A new report, entitled Canadians Abroad: A Policy and Legislative Agenda, has just been released by the Rideau Institute and the Canadian Centre for Policy Alternatives (CCPA). The report, by former Ambassador and long-time head of the Canadian consular service Gar Pardy, analyses fourteen major issues associated with the provision of consular assistance to Canadians traveling and residing abroad.
It includes a detailed set of recommendations to improve the assistance Canada provides to such travellers and the international legal environment for consular services.
“More than five million Canadians are outside of Canada at any one time. The number is increasing, and as daily news reports show, they encounter various and frequent difficulties and dangers as they visit and reside abroad. Hundreds languish in foreign prisons on specious charges, while others need urgent medical attention or evacuation from the world’s trouble spots.”
The study charts the development over the past decade of an insidious doctrine, limiting the responsibility of the Government of Canada and forcing many affected Canadians to seek redress through the courts. Says Pardy:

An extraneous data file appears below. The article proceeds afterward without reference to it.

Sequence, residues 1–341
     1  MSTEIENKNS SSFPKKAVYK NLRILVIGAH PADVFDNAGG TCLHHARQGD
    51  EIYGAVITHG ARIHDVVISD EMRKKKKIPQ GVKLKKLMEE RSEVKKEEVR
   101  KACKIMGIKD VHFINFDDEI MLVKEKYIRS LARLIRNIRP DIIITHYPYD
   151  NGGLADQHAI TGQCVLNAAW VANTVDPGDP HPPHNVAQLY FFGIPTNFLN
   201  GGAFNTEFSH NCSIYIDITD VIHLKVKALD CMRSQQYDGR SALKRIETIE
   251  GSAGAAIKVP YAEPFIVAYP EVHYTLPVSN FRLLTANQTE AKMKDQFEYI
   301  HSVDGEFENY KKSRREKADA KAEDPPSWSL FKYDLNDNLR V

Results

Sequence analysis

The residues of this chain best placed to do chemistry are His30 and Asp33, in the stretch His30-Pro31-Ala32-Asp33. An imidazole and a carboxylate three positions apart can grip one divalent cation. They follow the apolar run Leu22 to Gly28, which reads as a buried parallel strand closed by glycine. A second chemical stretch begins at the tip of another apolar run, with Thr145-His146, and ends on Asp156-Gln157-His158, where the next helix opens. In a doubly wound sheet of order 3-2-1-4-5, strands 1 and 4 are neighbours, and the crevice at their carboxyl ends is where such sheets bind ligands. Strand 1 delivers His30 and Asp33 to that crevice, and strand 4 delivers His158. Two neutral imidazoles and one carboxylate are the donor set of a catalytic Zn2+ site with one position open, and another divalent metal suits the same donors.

“The historical Canadian approach of the universality of consular services for all Canadians was undermined. The result has been inequity, unfairness and inconsistency in the provision of these vital services.”
An issue of particular complexity is the increasing number of Canadians who have a second citizenship. “There are often serious impediments to Canada providing consular assistance for Canadians who are in their country of second citizenship”, says Pardy.
The Report recommends that the government seek international agreement on dual national issues and, in the meantime, develop practical measures to assist such Canadians.
“The new government has an opportunity early in its mandate to address consular services in a comprehensive and forward looking manner. This is the spirit in which this Report is offered.”
Read the full report here.